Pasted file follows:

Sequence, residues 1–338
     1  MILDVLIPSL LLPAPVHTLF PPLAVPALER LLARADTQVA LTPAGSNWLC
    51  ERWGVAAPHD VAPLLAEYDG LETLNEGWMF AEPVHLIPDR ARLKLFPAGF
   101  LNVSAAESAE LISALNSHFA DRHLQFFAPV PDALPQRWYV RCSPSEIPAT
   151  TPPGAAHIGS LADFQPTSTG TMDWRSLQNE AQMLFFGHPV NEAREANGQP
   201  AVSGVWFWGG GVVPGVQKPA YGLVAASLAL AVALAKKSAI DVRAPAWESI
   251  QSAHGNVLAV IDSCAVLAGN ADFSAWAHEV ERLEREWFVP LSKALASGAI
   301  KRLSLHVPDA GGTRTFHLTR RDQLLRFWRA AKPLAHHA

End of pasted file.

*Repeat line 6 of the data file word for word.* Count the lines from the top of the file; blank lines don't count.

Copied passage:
   201  AVSGVWFWGG GVVPGVQKPA YGLVAASLAL AVALAKKSAI DVRAPAWESI